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Edward S. Hutter photoCadet Life, 1858
Edward Sixtus Hutter Diary
Manuscript# 00013

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Edward Sixtus Hutter, Class of 1859, was born Sept. 18, 1839 on his father's plantation "Sandusky" near Lynchburg, Va. Biographical details are available in our online rosters database entry.

The diary dates from the period January-April 1858. The bulk of the diary was written while Hutter was away from VMI and include entries about spending time with his family at Charleston, SC; Key West, FL, and the family home at "Sandusky". VMI entries mention various aspects of antebellum cadet life -- VMI faculty members, including Prof. Thomas J. "Stonewall" Jackson; friends; the Society of Cadets (a student debating club).

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Excerpts from VMI Entries
March 20th - April 2, 1858
Ma woke R.(his brother, Risque, VMI Class of 1860) & myself early this morning, so after getting up, dressing & bidding all good bye we got into the carriage, & were soon out of sight of Sandusky. I felt badly all day & have a very bad cold. We got to the boat landing in good time & at half past six the bell tolled for us to push off, our hilly city gradually disappeared behind the hills which encompass it. We had a tolerably pleasant ride up & got in sight of Barracks just about sundown. R & I walked down to Barracks immediately & took all in No. 50 (Barracks room number 50) completely by surprise. I have seen nearly all the fellows & feeling rather badly will go to bed early.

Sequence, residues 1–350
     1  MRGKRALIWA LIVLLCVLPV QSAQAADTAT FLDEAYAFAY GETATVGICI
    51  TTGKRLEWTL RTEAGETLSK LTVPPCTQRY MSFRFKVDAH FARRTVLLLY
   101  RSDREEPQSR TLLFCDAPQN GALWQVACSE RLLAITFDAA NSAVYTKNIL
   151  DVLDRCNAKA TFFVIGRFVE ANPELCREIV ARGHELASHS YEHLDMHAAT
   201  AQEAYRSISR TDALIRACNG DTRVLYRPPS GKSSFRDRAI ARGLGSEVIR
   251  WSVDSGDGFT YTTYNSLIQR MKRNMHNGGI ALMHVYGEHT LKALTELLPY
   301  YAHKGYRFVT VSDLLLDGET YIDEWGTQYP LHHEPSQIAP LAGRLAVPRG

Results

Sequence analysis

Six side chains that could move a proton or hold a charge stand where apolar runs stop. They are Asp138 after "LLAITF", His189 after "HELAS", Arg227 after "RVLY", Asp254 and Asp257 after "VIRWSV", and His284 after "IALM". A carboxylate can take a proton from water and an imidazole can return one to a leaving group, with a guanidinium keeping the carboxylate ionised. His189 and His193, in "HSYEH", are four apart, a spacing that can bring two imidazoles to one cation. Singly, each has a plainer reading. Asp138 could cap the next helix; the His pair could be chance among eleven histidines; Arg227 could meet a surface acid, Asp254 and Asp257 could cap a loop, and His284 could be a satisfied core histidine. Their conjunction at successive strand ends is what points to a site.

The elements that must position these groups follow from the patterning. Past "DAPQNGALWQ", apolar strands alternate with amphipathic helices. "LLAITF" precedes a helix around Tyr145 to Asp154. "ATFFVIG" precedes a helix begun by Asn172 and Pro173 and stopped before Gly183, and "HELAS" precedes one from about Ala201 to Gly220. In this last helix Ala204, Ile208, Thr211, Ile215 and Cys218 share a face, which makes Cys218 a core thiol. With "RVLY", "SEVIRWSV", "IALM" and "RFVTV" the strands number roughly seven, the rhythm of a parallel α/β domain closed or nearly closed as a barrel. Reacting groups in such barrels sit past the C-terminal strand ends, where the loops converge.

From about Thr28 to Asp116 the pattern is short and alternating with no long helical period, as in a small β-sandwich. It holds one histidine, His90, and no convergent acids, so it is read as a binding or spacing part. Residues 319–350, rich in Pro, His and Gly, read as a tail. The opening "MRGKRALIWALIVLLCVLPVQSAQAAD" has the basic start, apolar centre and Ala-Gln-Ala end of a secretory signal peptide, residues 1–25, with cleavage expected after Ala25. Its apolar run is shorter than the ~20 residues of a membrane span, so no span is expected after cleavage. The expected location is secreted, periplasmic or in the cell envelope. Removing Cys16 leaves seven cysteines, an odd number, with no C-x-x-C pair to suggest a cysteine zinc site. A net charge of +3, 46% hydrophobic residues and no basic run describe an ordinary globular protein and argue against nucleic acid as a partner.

Here I am again at this miserable place. I find myself this morning beautifully spotted with the measles & have been in bed all day eating nothing and thinking of nothing but home. I really think I am the most unfortunate fellow in existence, just the idea of being laid up again the first day of my visit to this place. I would give oceans to be at home. There is a great deal of sickness in the corps. The Hospital is crowded. I never felt as badly in my life.

For the first time in some time, I visited the Mess Hall this morning at Breakfast The fare looked no more inviting than it did of old, consisting of plain corn bread, Goshen butter, & coffee.

Did not go to delightful reveille this morning, but laid in bed & listened to the charming strains of martial music. The soul stirring drum in the hands of Dick Staples & the ear piercing fife tooled by Pete Banker.

I attended recitation today without reciting although I feel very badly I become more & more disgusted every day & want to get home.... Went in to Major Jackson & was not remarkably well entertained the hour & half that he kept us in....Gil (Professor of Chemistry William Gilham) and Chenoweth and I made a galvanic battery. All the section took shocks & I never laughed as much in my life.